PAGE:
Evens et al. (2014)/ Kenya [51] Nonphysician obstetric care workers (n = 20) Descriptive post-intervention study Attitude towards post-abortion care (PAC) service and quality of the service provision Majority of healthcare providers’ were in favour of equal treatment for PAC regardless of age/marital status of clients. All healthcare providers deemed PAC services important. Sexual activity after marriage was supported by 45% of the providers.
Chalmers, McIntyre & Meyer, (1992)/ SA [52] Physician obstetric care workers (n = 203) Hospital-based survey Attitude toward caesarean section Private doctors consider CS safer than a “normal” delivery. Public doctors believe that CS are performed by obstetricians duet of lack of proper (training) management of complication/difficult delivery.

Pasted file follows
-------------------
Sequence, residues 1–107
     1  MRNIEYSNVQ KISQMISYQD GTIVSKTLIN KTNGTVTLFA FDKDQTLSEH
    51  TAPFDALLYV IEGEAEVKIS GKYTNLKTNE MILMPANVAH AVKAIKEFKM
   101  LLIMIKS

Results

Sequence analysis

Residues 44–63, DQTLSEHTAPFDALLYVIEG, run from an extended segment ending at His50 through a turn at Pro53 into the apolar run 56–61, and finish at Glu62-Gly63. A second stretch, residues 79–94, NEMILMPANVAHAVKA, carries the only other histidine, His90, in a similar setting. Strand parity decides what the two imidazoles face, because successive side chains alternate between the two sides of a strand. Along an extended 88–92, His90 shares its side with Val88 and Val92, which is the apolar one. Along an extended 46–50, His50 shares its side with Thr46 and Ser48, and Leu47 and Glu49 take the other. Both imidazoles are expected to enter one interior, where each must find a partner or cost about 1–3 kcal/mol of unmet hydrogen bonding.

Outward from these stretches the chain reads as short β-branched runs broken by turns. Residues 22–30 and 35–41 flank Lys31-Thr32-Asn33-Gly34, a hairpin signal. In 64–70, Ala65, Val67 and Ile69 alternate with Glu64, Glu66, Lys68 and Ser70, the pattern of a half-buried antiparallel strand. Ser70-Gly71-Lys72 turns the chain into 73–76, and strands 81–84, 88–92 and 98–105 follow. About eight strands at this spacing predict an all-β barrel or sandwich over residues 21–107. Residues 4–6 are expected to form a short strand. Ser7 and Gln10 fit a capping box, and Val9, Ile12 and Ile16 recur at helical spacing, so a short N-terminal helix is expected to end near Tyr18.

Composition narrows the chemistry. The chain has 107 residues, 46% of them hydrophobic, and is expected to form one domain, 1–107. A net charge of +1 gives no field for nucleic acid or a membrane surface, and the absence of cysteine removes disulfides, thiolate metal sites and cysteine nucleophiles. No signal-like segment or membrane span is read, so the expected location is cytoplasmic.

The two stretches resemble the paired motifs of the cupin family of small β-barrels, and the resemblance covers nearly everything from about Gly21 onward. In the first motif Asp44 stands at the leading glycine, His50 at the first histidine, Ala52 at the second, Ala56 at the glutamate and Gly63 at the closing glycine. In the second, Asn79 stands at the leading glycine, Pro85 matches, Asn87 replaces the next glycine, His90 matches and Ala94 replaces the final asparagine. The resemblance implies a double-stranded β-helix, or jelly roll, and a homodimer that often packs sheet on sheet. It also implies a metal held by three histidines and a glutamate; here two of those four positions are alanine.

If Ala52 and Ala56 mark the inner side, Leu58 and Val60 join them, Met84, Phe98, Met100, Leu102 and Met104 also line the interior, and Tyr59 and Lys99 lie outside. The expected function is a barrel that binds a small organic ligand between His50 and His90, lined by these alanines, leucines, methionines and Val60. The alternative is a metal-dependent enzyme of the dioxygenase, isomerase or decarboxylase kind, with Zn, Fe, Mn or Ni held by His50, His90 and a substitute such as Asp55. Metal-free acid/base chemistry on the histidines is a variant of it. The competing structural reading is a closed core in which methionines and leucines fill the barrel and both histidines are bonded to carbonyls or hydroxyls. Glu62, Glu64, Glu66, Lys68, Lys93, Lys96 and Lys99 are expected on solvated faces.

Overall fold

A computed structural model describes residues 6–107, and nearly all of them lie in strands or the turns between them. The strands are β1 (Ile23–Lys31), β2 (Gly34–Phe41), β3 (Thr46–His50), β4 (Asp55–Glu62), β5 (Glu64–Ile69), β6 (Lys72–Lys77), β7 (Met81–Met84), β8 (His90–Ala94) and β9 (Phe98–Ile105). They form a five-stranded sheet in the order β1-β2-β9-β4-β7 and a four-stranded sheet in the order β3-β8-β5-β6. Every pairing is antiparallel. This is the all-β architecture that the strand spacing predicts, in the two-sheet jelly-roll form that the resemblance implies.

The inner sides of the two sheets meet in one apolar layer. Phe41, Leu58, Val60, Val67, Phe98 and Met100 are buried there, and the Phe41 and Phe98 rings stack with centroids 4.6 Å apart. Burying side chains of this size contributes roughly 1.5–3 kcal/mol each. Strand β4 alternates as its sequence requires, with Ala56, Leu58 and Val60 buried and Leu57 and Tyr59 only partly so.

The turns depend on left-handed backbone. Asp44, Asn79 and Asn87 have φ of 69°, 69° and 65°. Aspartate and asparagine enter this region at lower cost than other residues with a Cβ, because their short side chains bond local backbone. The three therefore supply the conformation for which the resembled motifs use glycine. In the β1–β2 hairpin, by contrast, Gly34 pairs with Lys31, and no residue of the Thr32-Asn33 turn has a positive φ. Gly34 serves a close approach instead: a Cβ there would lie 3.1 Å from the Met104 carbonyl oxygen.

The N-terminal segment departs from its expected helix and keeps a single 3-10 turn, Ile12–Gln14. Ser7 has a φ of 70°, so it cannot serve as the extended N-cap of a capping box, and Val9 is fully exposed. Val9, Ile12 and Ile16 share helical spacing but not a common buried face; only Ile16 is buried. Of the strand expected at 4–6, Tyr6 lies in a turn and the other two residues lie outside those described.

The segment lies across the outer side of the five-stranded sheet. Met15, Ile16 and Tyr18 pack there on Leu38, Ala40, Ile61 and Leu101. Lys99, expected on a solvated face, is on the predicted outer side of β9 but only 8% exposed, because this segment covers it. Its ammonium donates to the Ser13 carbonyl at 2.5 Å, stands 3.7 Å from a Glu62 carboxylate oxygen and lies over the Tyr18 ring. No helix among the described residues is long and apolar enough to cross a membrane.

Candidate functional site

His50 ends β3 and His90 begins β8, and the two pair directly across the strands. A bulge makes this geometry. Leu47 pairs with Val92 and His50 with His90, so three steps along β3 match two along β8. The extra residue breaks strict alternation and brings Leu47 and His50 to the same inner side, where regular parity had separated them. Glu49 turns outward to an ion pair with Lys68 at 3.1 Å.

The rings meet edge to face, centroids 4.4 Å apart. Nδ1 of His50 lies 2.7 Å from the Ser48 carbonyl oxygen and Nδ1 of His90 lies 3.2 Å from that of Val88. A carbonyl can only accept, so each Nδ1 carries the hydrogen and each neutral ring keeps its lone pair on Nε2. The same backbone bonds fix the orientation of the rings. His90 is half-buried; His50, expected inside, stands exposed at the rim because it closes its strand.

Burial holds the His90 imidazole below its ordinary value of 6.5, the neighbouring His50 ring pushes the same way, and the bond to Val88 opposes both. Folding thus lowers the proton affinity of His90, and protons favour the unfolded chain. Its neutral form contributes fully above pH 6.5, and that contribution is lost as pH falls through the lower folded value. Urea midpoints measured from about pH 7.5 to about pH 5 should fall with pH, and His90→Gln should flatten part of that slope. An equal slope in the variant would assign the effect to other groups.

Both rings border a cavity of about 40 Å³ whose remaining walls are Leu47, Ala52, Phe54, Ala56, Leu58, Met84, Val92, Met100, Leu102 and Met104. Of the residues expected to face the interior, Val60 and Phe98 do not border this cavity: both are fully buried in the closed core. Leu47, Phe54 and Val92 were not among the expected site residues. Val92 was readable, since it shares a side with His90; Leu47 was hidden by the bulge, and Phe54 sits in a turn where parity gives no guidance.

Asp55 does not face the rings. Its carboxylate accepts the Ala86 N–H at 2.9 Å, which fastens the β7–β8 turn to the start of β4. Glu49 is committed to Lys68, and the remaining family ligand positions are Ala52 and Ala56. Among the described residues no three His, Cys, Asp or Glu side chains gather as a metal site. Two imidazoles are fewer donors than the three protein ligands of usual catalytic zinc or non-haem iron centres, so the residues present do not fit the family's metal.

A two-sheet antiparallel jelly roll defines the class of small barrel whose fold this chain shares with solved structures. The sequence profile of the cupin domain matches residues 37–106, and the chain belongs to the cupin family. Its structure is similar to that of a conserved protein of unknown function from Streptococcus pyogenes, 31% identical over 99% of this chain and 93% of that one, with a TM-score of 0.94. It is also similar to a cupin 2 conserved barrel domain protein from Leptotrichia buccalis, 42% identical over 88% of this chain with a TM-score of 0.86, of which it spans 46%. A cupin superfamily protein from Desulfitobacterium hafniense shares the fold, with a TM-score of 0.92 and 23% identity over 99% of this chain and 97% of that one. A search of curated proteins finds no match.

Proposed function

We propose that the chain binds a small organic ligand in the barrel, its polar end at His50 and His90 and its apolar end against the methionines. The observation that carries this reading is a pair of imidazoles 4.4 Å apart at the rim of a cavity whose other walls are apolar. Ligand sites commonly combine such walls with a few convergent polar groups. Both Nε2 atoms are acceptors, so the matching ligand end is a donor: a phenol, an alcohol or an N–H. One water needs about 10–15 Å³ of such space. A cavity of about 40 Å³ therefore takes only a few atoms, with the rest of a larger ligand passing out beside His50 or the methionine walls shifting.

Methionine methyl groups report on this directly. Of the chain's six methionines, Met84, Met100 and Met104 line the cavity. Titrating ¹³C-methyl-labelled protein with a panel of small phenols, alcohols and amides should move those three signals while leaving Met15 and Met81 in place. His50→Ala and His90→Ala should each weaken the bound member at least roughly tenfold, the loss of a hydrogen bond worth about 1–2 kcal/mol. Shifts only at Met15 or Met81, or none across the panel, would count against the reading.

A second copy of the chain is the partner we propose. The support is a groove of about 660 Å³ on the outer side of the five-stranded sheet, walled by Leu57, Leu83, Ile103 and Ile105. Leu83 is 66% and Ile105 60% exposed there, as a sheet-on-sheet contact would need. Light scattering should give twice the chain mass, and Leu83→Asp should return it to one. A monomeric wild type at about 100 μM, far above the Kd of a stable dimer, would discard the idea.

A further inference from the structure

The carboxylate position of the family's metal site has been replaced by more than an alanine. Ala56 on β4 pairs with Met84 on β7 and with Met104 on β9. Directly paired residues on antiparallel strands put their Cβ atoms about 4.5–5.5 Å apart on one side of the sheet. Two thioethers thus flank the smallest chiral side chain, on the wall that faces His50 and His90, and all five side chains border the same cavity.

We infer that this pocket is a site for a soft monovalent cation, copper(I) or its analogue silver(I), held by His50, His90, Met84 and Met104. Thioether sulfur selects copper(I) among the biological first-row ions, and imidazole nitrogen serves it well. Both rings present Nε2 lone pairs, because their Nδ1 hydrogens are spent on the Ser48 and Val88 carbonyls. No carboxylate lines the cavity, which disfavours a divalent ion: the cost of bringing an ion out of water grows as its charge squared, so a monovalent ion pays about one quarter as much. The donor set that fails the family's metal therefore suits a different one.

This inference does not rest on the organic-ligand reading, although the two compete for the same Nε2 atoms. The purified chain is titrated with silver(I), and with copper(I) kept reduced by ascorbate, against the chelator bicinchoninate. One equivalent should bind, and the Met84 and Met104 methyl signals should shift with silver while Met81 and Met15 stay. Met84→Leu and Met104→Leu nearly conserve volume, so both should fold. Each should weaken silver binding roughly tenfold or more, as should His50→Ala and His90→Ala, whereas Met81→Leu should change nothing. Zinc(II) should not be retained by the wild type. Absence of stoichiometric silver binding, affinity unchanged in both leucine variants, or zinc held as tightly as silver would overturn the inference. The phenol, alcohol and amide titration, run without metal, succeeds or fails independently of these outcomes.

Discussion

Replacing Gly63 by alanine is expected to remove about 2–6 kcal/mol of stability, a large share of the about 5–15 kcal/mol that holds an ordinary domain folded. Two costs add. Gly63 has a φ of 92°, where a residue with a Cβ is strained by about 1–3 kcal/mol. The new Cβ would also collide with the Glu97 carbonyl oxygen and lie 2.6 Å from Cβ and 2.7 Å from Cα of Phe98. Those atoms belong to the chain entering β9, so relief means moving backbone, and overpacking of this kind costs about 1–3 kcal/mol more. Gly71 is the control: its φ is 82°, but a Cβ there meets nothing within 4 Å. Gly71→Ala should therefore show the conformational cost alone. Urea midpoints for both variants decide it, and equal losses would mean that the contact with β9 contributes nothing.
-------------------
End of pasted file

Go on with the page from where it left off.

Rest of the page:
Sidze et al. (2014)/Senegal [47] Physician and nonphysician obstetric care workers (n = 637) Health facility survey Access to and use of contraceptives Obstetric care workers had a minimum age restriction, as well as restrictions according to clients’ marital status, for the provision of contraceptives to young women in Senegal.
Chaibva et al. (2010)/ Zimbabwe [13] Nonphysician obstetric care workers (n = 52) Descriptive study Utilization of prenatal services by adolescents Socio-demographic and cultural factors influenced adolescents’ utilization of prenatal services according to the midwives. Almost all of the midwives (n 1⁄4 49; 94.2%) considered financial constraints to be a factor limiting adolescents’ utilization of prenatal services. 71.2% agreed that health workers’ attitudes could influence adolescents’ decisions. Most midwives (n 1⁄4 45; 86.5%) reported that the quality of prenatal services could influence adolescents’ decisions to utilize prenatal services; 29 (55.8%) felt that adolescents perceived prenatal care to be beneficial because they realised that obstetric problems could be detected and addressed during the prenatal period.